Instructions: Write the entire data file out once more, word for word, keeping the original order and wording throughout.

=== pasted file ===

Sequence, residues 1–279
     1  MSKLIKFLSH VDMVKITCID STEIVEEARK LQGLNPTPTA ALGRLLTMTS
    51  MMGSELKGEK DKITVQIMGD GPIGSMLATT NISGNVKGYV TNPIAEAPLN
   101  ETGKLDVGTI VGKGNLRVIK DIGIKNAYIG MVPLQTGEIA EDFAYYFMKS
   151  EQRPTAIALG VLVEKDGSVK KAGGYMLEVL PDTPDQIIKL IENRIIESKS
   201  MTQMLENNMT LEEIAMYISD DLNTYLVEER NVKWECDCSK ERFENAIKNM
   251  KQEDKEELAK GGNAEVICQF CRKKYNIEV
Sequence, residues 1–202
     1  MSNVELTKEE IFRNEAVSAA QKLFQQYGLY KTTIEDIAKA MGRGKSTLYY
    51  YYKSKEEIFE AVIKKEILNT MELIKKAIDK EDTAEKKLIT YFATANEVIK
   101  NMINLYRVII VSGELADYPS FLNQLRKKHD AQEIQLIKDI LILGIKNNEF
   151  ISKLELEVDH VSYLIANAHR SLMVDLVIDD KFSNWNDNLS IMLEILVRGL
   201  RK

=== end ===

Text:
Sequence, residues 1–279
     1  MSKLIKFLSH VDMVKITCID STEIVEEARK LQGLNPTPTA ALGRLLTMTS
    51  MMGSELKGEK DKITVQIMGD GPIGSMLATT NISGNVKGYV TNPIAEAPLN
   101  ETGKLDVGTI VGKGNLRVIK DIGIKNAYIG MVPLQTGEIA EDFAYYFMKS
   151  EQRPTAIALG VLVEKDGSVK KAGGYMLEVL PDTPDQIIKL IENRIIESKS
   201  MTQMLENNMT LEEIAMYISD DLNTYLVEER NVKWECDCSK ERFENAIKNM
   251  KQEDKEELAK GGNAEVICQF CRKKYNIEV
Sequence, residues 1–202
     1  MSNVELTKEE IFRNEAVSAA QKLFQQYGLY KTTIEDIAKA MGRGKSTLYY
    51  YYKSKEEIFE AVIKKEILNT MELIKKAIDK EDTAEKKLIT YFATANEVIK
   101  NMINLYRVII VSGELADYPS FLNQLRKKHD AQEIQLIKDI LILGIKNNEF
   151  ISKLELEVDH VSYLIANAHR SLMVDLVIDD KFSNWNDNLS IMLEILVRGL
   201  RK